The first thing I’m absolutely bound to say is that you really do need to find a vet. Even if the one who looks after the stock animals on the farms around you wouldn’t call him/herself an expert on exotic animals, he or she will have plenty of relevant knowledge and expertise to bring to bear – and may even be able to put you in touch with a colleague who specialises in unusual pets.
A Few Thoughts
That said, three things spring instantly to mind about this poor anorexic iggy.
Firstly, you say he’s approaching 17 – well, that’s not a record (some are said to have made 25 or more in captivity), but it’s certainly pretty old as iguanas go; the average seems to be around 15-20 years of age. I’m simply not going to attempt to diagnose at a distance, but one possibility is that it may simply just be his time.
Secondly, it’s not clear from what you’ve said whether the “lights” are ultra violet (UV) or not; UV is essential to his well-being – so once you’ve had him checked out by a vet and ruled out any serious problems, if you don’t have a good UV source, you’ll need to get one. Remember that UV bulbs lose their effectiveness over time, so you’ll need to replace yours on a regular basis in accordance with the manufacturer’s recommendation.
Thirdly, is he drinking? If he hasn’t drunk in a week, that’s more immediately worrying than not having eaten for the same period. In the wild, iguanas often take to the water and swim well; in captivity they need a humidity of 60 – 90 per cent, so if yours doesn’t have a good sized water bowl, try adding one as many people have found that allowing iguanas to submerge themselves stimulates appetite.
There seems to be a lot of debate about diet in iguanas; once upon a time, we all believed that green iguanas enjoyed a diet that includes insects and the like as hatchlings, before gradually becoming herbivorous adults. These days, there seems to be a thought in some quarters that green iguanas are exclusively vegetarian even as youngsters and so shouldn’t be offered anything else. Well, all I can say is that I know I’ve seen juveniles take insects in the wild, so on a personal level, I’m fairly confident that the meat “ban” is unnecessary.
Equally, I’ve seen some pet keeping books that advocate giving iguanas cat food – but I would tend to agree with you that it’s not good for them! If memory serves me correctly, I seem to recall that it’s supposed to place too big a strain on their kidneys. By the same token, you seem to be saying that your iggy eats rabbit food; I can only conclude that you don’t mean the sort of dry, husky stuff that I’m thinking about.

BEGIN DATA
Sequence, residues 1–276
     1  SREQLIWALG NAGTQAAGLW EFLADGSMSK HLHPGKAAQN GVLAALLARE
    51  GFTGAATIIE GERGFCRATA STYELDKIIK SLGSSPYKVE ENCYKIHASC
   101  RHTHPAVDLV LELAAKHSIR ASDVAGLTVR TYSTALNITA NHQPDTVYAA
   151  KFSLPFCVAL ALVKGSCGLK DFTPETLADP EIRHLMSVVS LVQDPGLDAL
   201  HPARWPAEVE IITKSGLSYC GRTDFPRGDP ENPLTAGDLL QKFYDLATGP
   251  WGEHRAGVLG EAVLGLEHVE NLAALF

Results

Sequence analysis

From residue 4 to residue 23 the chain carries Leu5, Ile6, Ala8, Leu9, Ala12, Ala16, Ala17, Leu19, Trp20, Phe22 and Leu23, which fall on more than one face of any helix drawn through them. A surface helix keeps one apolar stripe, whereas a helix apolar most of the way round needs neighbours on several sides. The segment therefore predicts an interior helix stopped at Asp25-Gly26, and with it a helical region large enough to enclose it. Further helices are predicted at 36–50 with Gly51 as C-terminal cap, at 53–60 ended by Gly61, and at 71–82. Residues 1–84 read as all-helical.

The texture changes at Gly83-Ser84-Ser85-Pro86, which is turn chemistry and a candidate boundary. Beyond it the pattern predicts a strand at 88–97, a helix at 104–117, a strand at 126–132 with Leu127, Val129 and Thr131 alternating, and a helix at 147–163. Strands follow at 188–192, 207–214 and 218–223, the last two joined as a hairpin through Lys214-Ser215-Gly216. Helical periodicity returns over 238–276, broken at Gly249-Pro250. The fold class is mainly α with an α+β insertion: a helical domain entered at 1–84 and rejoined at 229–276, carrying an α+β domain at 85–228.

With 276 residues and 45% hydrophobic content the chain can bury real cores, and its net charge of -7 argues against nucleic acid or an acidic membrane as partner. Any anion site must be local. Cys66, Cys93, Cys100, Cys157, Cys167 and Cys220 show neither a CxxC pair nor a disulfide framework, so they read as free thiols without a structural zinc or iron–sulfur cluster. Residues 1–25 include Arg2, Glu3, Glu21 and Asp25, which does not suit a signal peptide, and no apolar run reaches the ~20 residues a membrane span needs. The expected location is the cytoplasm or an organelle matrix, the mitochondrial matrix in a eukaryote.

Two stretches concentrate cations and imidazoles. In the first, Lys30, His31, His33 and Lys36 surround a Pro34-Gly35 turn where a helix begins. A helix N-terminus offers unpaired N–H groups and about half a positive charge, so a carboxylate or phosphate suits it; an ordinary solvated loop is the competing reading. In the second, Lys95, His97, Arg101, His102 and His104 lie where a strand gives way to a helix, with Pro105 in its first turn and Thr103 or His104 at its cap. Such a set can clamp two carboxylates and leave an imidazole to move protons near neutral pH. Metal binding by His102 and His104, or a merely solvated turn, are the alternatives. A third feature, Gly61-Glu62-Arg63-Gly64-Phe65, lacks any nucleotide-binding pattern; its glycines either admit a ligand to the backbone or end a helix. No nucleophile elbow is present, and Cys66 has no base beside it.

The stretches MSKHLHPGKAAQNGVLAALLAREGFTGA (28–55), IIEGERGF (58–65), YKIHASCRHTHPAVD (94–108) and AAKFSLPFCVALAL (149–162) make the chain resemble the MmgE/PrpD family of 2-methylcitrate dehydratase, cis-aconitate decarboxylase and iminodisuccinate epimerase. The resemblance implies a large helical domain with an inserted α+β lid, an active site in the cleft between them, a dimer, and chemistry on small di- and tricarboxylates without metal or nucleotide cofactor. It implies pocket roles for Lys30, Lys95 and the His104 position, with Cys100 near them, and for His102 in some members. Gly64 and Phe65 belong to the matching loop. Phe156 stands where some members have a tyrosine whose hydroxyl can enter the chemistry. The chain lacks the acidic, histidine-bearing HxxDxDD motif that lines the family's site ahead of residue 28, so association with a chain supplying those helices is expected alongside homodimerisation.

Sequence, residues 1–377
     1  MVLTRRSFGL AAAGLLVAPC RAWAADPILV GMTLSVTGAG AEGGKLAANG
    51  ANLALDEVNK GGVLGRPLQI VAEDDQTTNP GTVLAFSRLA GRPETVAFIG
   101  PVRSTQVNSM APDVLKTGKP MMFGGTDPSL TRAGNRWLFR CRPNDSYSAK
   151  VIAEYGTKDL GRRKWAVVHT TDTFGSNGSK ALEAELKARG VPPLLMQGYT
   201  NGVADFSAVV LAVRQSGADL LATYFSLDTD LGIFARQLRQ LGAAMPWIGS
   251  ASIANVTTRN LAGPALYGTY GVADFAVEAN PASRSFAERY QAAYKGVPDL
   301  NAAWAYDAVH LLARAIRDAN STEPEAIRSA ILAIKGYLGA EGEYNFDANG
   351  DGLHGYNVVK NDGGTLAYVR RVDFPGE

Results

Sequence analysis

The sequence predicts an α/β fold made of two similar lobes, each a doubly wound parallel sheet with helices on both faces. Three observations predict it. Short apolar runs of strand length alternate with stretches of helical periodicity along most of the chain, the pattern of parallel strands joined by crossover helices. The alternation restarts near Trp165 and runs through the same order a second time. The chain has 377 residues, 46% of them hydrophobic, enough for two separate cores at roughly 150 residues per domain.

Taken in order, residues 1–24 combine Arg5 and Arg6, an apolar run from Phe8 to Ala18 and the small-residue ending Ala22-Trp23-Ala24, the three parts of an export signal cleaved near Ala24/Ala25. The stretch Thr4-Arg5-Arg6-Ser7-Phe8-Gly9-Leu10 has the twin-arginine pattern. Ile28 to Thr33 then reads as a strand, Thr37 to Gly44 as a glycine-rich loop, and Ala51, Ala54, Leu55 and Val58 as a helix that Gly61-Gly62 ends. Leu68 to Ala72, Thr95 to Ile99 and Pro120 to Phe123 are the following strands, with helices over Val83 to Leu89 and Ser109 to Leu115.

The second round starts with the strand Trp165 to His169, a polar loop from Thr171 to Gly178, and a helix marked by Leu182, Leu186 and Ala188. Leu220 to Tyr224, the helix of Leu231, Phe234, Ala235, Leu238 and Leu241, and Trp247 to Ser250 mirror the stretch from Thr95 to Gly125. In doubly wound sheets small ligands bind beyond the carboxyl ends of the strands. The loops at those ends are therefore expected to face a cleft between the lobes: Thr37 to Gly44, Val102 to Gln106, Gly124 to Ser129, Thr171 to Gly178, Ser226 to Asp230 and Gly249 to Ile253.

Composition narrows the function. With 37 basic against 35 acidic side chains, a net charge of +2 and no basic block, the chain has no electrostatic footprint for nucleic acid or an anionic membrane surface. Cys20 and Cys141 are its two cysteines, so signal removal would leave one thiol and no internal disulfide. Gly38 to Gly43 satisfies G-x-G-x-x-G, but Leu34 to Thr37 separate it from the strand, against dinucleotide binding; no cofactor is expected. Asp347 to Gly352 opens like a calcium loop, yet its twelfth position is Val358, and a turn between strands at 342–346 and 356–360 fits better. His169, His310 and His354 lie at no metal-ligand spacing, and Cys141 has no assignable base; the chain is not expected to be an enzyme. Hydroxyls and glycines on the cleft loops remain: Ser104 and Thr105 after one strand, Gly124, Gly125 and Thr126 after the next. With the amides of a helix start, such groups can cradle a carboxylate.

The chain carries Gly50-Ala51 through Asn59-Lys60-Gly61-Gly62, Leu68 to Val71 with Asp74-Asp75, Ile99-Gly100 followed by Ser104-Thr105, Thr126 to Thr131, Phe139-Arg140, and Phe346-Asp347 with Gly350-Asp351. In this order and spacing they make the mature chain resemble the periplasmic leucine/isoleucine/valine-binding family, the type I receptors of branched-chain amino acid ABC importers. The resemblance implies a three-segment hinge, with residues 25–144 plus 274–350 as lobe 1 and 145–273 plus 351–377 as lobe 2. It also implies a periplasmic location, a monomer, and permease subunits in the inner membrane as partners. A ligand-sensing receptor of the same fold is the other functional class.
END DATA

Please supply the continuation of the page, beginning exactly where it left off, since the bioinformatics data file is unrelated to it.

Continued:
I haven’t had anything to do with pet rabbits since I looked after a friend’s as a child, so maybe I’m out of touch with some deliciously lush, fresh fodder now available for them. However, most iguanas adore the occasional slice of well dampened wholemeal bread – which is scarcely a natural diet item either!
I’m assuming the material you describe isn’t all he gets to eat; there’s evidence to suggest that too much banana should be avoided ( a bit too phosphorus-rich), spinach can interfere with calcium metabolism, and kale has been implicated in iodine/thyroxin disturbance. If it is, you would probably be well advised to try to broaden the make-up of his menu, but then if he’s survived on them to the ripe old age of 17 (and many captive iguanas scarcely make 10, while 8 has been suggested as the average lifespan in the wild) he’s clearly not doing so badly!
The bottom line is, with a few notable exceptions, the more varied the leaves, stems, flowers and fruits in his diet, the better – but obviously you need to get him eating again in the first place.
For that to happen, I honestly have to say I think you are going to have to see a vet; with a such a geriatric anorexic, it’s the single most useful suggestion I can make. Good luck – I hope he’s soon munching his greenery with renewed gusto!